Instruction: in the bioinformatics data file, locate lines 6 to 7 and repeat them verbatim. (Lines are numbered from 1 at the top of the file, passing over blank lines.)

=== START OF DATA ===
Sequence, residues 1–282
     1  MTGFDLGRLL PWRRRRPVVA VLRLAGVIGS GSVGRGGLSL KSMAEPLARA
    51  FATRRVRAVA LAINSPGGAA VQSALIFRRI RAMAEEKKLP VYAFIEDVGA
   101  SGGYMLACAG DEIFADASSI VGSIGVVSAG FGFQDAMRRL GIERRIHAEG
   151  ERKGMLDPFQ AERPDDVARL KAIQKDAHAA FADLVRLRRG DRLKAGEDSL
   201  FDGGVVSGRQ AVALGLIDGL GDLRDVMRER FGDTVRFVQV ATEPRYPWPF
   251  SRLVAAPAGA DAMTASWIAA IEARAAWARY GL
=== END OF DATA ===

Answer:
   201  FDGGVVSGRQ AVALGLIDGL GDLRDVMRER FGDTVRFVQV ATEPRYPWPF
   251  SRLVAAPAGA DAMTASWIAA IEARAAWARY GL